CARIBOU – The Maine National Guard plans to move from its Bennett Drive home in Caribou next year, leaving the city wondering what to do with the property.
Maj. Gen. Joseph E. Tinkham II, the state’s adjutant general, and other guard officials met Tuesday night with the City Council and the Parks and Recreation Board to discuss the future of the armory property.
The city has expressed an interest in acquiring the property.
The situation is unique since the land on which the building is located belongs to the city. At the same time, attached to the state-owned structure is a building housing the city’s recreation department.
Although moving from the armory, built in the late 1950s, the National Guard is staying in Caribou. The service branch plans to move into a larger building on outer York Street next year, according to Tinkham.
The building was donated to the Guard by Solman Distributors, which has moved to Bangor. According to Donovan G. Lajoie, facilities director for the guard, the building is larger and in much better shape than the Bennett Drive property.
Local officials decided Tuesday to have the city’s Planning Board hold hearings on proposed uses for the building. At the same time, the city’s new community development director, Mary Walton, will research grants available to make necessary repairs to the 50-year-old structure.
During the evening session, the general assured local officials that the guard wanted to continue its good relationship with the city.
“The city of Caribou has been a great friend of the National Guard for as far back as I can remember,” said Tinkham, who spent some of his childhood in Fort Fairfield. “We don’t want anything to jeopardize that.”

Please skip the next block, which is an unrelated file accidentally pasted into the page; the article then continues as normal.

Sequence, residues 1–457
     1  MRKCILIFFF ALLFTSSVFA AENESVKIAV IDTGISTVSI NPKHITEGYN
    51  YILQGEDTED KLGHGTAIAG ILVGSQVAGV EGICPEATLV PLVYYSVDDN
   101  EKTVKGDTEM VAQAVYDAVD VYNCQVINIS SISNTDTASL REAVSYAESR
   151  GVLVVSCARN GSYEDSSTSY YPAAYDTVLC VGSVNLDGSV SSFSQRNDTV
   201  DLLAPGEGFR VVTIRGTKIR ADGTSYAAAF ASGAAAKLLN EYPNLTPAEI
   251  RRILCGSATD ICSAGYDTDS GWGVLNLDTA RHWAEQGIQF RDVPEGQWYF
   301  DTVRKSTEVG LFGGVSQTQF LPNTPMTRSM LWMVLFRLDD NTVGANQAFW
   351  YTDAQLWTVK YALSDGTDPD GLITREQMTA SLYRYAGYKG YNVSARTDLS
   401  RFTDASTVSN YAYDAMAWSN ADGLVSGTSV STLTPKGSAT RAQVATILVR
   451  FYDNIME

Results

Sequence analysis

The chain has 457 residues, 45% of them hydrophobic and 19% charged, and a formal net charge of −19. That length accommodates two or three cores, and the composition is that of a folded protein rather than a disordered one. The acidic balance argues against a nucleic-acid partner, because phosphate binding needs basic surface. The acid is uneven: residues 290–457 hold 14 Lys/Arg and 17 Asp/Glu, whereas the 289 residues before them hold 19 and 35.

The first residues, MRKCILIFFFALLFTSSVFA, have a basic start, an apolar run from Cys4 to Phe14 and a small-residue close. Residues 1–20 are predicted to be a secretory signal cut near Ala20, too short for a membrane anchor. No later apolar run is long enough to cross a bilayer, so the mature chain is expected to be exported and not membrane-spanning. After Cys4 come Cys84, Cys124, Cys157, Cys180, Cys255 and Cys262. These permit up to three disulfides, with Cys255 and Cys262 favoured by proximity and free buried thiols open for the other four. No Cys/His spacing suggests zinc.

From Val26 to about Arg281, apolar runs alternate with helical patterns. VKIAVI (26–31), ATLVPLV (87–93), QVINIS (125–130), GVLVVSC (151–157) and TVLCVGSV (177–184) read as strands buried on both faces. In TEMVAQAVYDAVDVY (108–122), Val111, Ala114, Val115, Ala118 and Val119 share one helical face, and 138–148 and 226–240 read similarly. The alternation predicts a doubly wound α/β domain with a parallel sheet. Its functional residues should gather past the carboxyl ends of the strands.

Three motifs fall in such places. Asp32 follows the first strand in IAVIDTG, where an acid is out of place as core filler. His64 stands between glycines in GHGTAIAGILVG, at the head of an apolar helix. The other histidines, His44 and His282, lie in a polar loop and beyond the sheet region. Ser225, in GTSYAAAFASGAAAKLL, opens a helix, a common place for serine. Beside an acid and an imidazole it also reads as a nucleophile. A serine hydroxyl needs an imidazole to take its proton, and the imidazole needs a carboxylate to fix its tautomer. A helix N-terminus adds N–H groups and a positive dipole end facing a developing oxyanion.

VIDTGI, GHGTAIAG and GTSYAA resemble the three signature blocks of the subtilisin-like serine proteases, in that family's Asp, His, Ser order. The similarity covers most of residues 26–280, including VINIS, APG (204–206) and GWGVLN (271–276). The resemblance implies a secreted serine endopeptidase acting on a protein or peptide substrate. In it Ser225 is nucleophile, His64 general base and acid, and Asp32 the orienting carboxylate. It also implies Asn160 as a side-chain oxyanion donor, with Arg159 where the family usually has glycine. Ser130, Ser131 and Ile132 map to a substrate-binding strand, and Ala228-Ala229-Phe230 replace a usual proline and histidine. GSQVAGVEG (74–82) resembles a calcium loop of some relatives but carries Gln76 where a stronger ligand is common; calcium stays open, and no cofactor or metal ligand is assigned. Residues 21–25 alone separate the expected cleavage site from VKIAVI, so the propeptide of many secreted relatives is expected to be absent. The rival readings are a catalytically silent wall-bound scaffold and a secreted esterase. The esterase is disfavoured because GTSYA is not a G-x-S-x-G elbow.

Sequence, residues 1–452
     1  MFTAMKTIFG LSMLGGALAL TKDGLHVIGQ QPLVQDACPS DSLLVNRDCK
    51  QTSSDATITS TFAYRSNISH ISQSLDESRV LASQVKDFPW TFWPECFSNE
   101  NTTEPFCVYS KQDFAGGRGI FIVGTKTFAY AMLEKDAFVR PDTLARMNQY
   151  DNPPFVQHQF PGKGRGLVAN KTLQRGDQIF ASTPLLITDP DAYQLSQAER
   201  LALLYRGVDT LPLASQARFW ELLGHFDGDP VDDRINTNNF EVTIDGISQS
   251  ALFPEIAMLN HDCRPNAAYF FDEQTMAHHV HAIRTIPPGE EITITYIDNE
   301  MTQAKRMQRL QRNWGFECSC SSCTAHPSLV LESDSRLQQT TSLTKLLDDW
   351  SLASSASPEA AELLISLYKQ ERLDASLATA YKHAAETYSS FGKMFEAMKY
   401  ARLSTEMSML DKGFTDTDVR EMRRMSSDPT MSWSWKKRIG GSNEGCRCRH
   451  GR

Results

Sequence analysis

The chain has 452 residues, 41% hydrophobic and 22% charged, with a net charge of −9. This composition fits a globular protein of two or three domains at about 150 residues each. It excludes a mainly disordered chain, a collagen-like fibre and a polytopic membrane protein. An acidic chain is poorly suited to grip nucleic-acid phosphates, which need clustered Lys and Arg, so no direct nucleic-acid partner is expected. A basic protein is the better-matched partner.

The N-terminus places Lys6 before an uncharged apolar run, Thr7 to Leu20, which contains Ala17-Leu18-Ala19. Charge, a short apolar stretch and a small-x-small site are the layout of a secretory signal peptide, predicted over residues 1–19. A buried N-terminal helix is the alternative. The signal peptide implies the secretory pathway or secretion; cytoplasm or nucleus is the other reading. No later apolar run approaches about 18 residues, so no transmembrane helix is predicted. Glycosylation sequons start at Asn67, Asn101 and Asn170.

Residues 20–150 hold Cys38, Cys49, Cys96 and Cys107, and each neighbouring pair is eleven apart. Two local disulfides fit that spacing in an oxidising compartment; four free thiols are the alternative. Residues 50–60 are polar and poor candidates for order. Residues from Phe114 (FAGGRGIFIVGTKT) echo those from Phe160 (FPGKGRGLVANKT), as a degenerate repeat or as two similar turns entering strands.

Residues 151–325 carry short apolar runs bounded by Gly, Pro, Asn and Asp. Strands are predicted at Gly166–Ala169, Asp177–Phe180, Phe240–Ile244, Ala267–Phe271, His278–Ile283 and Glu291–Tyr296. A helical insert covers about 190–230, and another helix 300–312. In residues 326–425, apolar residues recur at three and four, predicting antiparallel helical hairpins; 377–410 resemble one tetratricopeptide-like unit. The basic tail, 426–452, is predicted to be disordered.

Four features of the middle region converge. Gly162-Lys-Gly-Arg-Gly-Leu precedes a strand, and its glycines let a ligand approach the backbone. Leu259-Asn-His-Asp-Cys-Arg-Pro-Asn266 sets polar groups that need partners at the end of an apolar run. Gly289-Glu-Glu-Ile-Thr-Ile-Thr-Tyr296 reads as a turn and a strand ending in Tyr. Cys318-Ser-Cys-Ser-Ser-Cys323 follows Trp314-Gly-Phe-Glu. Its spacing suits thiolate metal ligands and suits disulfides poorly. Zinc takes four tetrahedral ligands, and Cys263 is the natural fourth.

The guard plans to have a bill submitted to the new Maine Legislature that will allow the property to be sold. Such permission is routine, Tinkham said.
Much of the discussion centered on what condition the guard would sell the building and for what price.
The guard property has been appraised at $509,000, according to Lajoie. Included in that appraisal was the administration part of the property and a gymnasium.
Another complication involves the issue of the National Guard having a lease to use the land for another 50 years, according to Lt. Col. Peter Golding the guard’s judge advocate, or attorney, in Maine.
“It does restrict” future owners, said Golding. The general added that the guard would need the city’s cooperation to sell to a third party. “We’re joined at the hip,” Tinkham said.
The city’s recreation director, Kathy Mazzachelli, asked whether the guard would be willing to negotiate the cost of any repairs to the guard building before selling.
“We’ll be willing to talk about anything,” said Tinkham, later adding that any proposal would require passing the “straight-face test” before the Legislature.
The general also said that the guard could consider leasing the building on a long-term basis.
“Certainly we’ll accommodate anything that’s reasonable,” the general said.